Sign up now for a free, 1-day trial and receive full access to:

  • Questia's entire collection
  • Automatic bibliography creation
  • More helpful research tools like notes, citations, and highlights
  • Ad-free environment

Already a member? Log in now.

Notes for this article

Add a new note
If you are trying to select text to create highlights or citations, remember that you must now click or tap on the first word, and then click or tap on the last word.
One moment ...
Default project is now your active project.
Project items

Items saved from this article

This article has been saved
Highlights (0)
Some of your highlights are legacy items.

Highlights saved before July 30, 2012 will not be displayed on their respective source pages.

You can easily re-create the highlights by opening the book page or article, selecting the text, and clicking “Highlight.”

Citations (0)
Some of your citations are legacy items.

Any citation created before July 30, 2012 will labeled as a “Cited page.” New citations will be saved as cited passages, pages or articles.

We also added the ability to view new citations from your projects or the book or article where you created them.

Notes (0)
Bookmarks (0)

You have no saved items from this article

Project items include:
  • Saved book/article
  • Highlights
  • Quotes/citations
  • Notes
  • Bookmarks
Notes
Cite this article

Cited article

Style
Citations are available only to our active members.
Sign up now to cite pages or passages in MLA, APA and Chicago citation styles.

(Einhorn, 1992, p. 25)

(Einhorn 25)

1

1. Lois J. Einhorn, Abraham Lincoln, the Orator: Penetrating the Lincoln Legend (Westport, CT: Greenwood Press, 1992), 25, http://www.questia.com/read/27419298.

Cited article

Rotten Boroughs, Rogues, 150 MPs ... All Have to Go; CRUNCH TIME; Vince Cable Spells out a Controversial Ten-Point Plan to Save Our Democracy
Settings

Settings

Typeface
Text size Smaller Larger Reset View mode
Search within

Search within this article

Look up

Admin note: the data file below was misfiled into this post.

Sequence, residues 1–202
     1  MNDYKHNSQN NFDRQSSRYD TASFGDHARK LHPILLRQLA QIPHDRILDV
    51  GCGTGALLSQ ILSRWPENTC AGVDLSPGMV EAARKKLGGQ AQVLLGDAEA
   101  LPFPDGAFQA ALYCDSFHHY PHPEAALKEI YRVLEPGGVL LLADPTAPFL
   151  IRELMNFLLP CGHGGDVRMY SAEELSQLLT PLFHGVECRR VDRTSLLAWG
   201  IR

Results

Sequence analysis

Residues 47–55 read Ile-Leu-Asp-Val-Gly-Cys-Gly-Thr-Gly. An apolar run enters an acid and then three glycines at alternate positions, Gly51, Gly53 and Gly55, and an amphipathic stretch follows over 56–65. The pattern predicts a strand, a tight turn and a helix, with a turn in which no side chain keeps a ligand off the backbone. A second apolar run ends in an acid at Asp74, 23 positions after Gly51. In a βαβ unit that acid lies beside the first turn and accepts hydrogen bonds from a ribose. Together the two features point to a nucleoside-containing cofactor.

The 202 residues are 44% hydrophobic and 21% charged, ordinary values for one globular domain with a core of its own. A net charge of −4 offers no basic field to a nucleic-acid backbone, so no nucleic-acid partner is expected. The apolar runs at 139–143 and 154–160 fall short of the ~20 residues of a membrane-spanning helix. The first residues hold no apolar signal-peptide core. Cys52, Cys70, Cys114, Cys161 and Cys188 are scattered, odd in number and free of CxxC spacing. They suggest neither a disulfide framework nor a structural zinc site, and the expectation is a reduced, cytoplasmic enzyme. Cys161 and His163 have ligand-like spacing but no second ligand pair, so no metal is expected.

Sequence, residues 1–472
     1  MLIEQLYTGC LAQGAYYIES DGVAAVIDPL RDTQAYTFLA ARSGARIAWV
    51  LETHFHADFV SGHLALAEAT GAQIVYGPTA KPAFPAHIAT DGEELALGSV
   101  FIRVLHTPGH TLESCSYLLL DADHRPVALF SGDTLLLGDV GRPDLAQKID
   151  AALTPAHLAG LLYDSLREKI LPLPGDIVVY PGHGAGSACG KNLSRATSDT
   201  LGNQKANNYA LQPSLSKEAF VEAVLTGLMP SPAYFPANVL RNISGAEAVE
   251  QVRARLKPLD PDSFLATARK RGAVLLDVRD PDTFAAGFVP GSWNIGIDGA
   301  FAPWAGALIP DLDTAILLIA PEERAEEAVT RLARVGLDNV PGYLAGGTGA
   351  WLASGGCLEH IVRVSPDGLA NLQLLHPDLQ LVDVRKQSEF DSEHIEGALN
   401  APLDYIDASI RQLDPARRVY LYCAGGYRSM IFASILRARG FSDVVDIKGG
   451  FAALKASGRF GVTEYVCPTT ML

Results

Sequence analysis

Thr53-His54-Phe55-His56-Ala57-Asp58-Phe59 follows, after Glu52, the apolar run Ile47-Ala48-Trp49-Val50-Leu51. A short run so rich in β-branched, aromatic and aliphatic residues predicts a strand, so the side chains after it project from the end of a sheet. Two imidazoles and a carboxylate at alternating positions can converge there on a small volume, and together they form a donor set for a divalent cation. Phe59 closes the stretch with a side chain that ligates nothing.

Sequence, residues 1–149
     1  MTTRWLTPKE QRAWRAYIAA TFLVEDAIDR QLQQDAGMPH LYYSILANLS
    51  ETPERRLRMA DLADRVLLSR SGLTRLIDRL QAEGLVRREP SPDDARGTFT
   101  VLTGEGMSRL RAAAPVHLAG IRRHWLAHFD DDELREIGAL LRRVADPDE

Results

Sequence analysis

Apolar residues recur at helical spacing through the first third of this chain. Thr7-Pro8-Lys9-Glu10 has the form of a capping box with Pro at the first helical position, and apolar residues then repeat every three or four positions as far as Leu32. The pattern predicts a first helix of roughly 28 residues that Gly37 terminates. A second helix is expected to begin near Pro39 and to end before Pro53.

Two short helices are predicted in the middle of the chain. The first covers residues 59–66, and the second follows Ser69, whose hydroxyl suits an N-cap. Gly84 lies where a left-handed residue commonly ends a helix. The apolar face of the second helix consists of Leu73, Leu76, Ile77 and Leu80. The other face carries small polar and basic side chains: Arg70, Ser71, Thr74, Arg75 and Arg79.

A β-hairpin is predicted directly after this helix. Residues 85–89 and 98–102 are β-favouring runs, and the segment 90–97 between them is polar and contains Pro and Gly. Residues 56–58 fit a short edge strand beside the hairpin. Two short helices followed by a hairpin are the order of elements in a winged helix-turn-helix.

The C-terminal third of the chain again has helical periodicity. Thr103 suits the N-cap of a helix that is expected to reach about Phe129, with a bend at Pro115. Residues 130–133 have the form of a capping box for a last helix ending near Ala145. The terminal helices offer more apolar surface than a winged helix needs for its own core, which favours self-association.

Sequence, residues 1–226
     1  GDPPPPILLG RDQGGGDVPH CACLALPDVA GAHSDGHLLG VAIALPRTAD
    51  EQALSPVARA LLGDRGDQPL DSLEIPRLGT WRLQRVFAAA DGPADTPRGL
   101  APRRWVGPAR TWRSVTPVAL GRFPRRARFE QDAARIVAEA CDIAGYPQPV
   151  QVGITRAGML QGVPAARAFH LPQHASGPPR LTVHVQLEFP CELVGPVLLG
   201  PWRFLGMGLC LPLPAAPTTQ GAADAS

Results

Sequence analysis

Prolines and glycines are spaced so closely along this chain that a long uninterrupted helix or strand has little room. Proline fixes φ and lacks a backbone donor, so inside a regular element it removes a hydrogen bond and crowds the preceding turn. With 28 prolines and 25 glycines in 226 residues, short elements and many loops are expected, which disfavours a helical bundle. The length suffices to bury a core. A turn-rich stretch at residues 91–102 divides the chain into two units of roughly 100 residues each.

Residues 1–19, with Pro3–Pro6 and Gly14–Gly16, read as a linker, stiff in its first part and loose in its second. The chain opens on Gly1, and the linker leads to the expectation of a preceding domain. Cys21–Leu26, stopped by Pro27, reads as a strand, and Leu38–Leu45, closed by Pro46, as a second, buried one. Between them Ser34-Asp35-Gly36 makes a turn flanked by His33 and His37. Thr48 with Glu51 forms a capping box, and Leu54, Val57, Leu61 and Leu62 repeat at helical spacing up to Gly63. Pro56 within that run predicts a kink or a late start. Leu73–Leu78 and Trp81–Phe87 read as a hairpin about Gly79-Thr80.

Look up a word

  • Dictionary
  • Thesaurus
Please submit a word or phrase above.
Print this page

Print this page

Why can't I print more than one page at a time?

Full screen

matching results for page

Cited passage

Style
Citations are available only to our active members.
Sign up now to cite pages or passages in MLA, APA and Chicago citation styles.

"Portraying himself as an honest, ordinary person helped Lincoln identify with his audiences." (Einhorn, 1992, p. 25).

"Portraying himself as an honest, ordinary person helped Lincoln identify with his audiences." (Einhorn 25)

"Portraying himself as an honest, ordinary person helped Lincoln identify with his audiences."1

1. Lois J. Einhorn, Abraham Lincoln, the Orator: Penetrating the Lincoln Legend (Westport, CT: Greenwood Press, 1992), 25, http://www.questia.com/read/27419298.

Cited passage

Welcome to the new Questia Reader

The Questia Reader has been updated to provide you with an even better online reading experience.  It is now 100% Responsive, which means you can read our books and articles on any sized device you wish.  All of your favorite tools like notes, highlights, and citations are still here, but the way you select text has been updated to be easier to use, especially on touchscreen devices.  Here's how:

1. Click or tap the first word you want to select.
2. Click or tap the last word you want to select.

OK, got it!

Thanks for trying Questia!

Please continue trying out our research tools, but please note, full functionality is available only to our active members.

Your work will be lost once you leave this Web page.

For full access in an ad-free environment, sign up now for a FREE, 1-day trial.

Already a member? Log in now.